Parenting an LGBTQ+ Teen

Parenting an LGBTQ+ Teen

January 25 2024 TalktoAngel 0 comments 352 Views

Your adolescent has recently informed you that they identify as LGBTQ (Lesbian, Gay, Bisexual, Transgender and Queer). Or perhaps they've mentioned that they're having gender dysphoria - feelings of uneasiness that their sex assigned at birth does not correspond with their gender - and aren't sure what to do.

What is the best way to respond as a parent or caregiver? How do you assist your LGBTQ youth? What should you avoid doing if you don't know how to react?

The support of parents for their LGBTQ (lesbian, gay, bisexual, transgender, questioning, and/or queer) adolescent children is crucial to their healthy development. Every young person thrives when they understand that their parents love and accept them exactly as they are, whether they are straight or LGBTQ. This is most certainly the greatest protective factor for teenagers as they traverse the ups and downs of life.

Too many LGBTQ youth have difficulties as they come out, emphasizing the importance of parents' unconditional love and acceptance. According to research and experience, when families accept LGBTQ adolescents, they receive a variety of benefits such as increased self-esteem, improved overall health, and closer family relationships. Family acceptance, crucially, protects against bullying, sadness, substance misuse, and suicide. Seeking Online Counselling with the Best Clinical Psychologist near me at TalktoAngel would help in the identification of the orientation of your child; it would also help in providing better awareness to you to accept key issues.

Create an accepting household

Even young youngsters see their parents' reactions to others. They discover whether their parents are more prone to embrace or condemn others who are different from them. They discover whether their parents are willing to listen, learn, and grow. Consult with LGBTQ+ or queer therapist and engage them in dialogue.

Every adolescent is preoccupied with resolving the fundamental question, "Who Am I?" Most young people are worried that they will be rejected in some way by the people whose opinions they most value - their parents. LGBTQ youth are frequently aware of their orientation or identity long before they express it. They may be apprehensive about whether their parents will accept this aspect of them. Households that embrace persons who are different from them set the tone for healthy growth for this and many other reasons. If your home is not currently accepting, consider making some attempts to improve in this area for the sake of your child.

Support your LGBTQ+ teen

Open communication is essential for healthy family interactions. Your LGBTQ teen will benefit from open conversation as well. Coming out is a process, and being an attentive listener who is also generally supportive sets the tone for productive conversation. In other words, even if your kid hasn't "come out," showing support is critical.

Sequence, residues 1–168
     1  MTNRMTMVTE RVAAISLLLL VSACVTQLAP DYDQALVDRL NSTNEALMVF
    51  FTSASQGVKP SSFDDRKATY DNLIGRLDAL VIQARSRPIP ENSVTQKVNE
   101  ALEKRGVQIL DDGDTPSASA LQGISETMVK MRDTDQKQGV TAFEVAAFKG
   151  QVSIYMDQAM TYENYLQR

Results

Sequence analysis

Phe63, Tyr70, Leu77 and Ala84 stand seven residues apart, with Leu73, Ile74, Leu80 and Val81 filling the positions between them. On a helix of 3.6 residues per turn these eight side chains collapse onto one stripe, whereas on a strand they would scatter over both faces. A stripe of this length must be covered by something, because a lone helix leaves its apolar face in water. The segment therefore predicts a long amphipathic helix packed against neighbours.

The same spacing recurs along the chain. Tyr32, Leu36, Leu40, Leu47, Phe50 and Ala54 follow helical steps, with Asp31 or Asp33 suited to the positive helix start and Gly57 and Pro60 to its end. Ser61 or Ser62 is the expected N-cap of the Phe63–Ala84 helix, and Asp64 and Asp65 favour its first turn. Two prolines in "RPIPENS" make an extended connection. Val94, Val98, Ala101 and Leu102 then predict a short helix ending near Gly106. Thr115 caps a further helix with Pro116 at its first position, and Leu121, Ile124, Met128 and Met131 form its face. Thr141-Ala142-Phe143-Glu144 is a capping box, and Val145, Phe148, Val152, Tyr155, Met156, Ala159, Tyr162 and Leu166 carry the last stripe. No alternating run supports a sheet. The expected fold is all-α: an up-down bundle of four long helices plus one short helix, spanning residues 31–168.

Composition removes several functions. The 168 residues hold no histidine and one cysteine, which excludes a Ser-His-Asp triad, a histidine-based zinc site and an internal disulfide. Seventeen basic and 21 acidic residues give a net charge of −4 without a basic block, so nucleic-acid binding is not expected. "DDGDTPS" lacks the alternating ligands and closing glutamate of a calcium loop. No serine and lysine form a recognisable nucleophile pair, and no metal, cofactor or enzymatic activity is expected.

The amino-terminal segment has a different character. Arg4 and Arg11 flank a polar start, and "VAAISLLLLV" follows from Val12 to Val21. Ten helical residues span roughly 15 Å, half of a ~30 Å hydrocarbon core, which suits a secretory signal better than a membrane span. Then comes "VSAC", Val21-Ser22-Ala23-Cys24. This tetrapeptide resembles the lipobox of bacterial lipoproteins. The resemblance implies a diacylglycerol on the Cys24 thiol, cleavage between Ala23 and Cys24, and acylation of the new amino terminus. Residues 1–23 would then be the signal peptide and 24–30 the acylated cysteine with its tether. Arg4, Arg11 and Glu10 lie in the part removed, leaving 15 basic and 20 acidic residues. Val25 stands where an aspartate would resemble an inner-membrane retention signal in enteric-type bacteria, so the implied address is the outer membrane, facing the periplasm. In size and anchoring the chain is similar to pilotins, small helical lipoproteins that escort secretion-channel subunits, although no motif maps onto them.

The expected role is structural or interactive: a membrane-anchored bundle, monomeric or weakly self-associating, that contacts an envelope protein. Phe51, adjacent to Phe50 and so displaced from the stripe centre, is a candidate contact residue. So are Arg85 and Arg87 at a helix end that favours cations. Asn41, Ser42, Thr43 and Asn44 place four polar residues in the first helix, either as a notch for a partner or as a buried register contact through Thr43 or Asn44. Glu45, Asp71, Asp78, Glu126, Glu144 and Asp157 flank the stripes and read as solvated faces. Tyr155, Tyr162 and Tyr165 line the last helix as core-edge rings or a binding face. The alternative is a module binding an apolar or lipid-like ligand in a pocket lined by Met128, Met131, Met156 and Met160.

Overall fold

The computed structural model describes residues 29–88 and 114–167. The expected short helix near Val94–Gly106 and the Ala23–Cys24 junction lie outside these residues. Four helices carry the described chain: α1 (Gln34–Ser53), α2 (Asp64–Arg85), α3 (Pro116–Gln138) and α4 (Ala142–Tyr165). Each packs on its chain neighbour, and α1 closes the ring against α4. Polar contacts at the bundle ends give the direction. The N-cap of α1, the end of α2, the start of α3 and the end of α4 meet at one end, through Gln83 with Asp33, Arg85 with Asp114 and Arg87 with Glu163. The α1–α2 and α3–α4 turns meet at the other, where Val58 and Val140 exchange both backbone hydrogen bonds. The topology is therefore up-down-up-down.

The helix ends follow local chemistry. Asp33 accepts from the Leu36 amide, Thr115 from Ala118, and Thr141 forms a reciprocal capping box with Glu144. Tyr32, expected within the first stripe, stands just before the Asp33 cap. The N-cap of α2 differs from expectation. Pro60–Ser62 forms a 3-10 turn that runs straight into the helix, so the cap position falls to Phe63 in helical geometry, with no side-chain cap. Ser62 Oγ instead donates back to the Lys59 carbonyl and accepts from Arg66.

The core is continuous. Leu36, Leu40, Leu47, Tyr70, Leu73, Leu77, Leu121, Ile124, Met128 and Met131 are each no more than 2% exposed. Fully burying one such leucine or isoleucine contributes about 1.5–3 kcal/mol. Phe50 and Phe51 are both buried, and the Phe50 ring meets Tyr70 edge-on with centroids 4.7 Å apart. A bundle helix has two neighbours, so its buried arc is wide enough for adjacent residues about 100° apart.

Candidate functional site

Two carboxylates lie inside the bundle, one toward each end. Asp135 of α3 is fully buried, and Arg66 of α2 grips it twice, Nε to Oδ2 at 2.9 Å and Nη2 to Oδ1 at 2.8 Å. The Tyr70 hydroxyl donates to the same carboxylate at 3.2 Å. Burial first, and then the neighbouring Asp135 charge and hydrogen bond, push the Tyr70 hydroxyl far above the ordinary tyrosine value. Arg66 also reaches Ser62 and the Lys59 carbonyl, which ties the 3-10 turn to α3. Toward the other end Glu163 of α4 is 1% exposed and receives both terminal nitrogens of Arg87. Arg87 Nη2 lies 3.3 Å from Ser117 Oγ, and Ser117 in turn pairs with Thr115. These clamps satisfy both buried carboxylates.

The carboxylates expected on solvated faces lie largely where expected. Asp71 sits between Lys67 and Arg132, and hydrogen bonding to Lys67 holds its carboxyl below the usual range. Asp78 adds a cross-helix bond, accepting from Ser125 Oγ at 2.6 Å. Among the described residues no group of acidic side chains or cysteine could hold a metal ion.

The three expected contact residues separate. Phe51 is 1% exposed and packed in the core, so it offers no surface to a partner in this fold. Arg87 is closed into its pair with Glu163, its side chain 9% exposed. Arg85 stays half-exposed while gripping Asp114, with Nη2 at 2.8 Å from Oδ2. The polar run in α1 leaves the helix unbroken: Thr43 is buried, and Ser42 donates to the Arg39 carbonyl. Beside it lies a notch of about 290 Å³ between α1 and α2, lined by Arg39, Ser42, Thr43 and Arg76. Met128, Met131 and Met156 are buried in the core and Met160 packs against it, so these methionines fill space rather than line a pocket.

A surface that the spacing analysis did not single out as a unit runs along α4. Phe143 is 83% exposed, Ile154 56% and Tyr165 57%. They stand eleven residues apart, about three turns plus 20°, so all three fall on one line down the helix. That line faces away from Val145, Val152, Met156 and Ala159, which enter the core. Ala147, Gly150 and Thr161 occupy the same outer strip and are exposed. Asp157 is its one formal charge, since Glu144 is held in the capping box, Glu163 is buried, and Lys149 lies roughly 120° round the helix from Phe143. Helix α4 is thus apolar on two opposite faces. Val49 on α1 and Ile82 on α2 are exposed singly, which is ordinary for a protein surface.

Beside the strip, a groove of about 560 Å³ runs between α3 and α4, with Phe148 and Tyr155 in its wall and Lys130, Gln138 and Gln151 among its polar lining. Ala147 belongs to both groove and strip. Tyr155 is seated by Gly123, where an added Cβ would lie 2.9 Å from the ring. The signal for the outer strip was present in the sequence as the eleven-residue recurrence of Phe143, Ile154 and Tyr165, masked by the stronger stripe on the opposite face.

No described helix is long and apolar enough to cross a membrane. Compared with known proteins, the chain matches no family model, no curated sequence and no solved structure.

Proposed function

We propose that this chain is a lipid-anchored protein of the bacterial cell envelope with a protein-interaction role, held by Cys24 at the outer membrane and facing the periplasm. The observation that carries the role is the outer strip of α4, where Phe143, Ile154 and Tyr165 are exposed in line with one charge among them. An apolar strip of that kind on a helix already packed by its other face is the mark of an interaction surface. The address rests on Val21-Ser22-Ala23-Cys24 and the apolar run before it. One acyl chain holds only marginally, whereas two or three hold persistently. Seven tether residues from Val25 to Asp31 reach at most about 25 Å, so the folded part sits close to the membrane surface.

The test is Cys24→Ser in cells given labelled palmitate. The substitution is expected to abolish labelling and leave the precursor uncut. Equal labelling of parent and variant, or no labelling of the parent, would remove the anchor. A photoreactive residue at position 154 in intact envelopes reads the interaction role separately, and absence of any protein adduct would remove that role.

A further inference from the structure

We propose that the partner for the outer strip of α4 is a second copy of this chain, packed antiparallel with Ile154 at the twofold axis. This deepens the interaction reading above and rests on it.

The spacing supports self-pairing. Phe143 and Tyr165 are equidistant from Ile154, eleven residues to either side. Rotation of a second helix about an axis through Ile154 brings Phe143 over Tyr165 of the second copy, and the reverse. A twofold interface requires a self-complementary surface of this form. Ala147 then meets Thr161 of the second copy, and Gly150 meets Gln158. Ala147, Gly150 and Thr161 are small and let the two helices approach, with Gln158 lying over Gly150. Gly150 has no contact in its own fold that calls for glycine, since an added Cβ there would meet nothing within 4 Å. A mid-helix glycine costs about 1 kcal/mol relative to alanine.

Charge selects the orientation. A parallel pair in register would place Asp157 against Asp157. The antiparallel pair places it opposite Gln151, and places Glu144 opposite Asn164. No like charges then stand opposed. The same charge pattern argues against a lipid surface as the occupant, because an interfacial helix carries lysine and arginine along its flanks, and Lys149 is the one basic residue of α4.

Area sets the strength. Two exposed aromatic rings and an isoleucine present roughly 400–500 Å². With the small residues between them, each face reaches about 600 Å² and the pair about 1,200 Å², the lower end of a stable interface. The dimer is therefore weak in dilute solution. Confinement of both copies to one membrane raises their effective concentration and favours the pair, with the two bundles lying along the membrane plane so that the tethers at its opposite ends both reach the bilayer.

If you believe a discussion regarding your child's sexual orientation is on the horizon, there are various ways to explore. These tactics will make your teen feel more secure and supported. Preparation is one option. Recognize that sexuality is not a choice and that you are assisting your child in being their most true self. Learn about the LGBTQ culture. Look up words. Knowing more enables you to ask more sensitive and meaningful inquiries. Another option is to contact a professional, such as your child's pediatrician or an Online Counsellor. They can assist your family through this difficult time. Many parental support groups also provide advice.

If your child does come out to you, you may be at a loss for what to say. You do not need to compose a lengthy speech. Instead, say a few words and show your concern. Choosing to reveal their identity to you is an act of enormous strength on their part, as well as a sign of trust and love for you. It could also be a test in which they are unsure how you will react.

Process your feelings

Even the most loving and welcoming families may struggle at first to accept the news about their adolescent's sexual orientation or gender identity. This is not the time to feel bad about yourself for needing time. Simply commit to growth. You may require some time to process your feelings. If you feel the need, request time and space from your child to process your emotions. However, as you request time, emphasize that your affection for them is undeniable. Your youngster requires your assistance now more than ever. You may be unsure of how to express yourself or which words to use. But make it clear to your child that you are not leaving and that you are all in this together.

Reach out for help for yourself to manage the situation better, you can do so with the help of Online Counselling as it is convenient and there are several queer-friendly and Queer-Supportive Therapists to provide you the best help possible at TalktoAngel.

Learn the Facts about LGBTQ+

It is important to remove certain misconceptions about gender and sexual orientation, empowering your parenting with knowledge of parenting by expert Queer-Supportive Therapists would be of great help.

Get Involved with School and other Support Groups

Do advocacy for the rights of your child, speak to other parents, and teachers, and work as a team to resolve and treat any bullying as a collaborative team.

Contribution: Dr (Prof) R K Suri, Clinical Psychologist, life coach & mentor TalktoAngel & Aditi Bhardwaj, Psychologist



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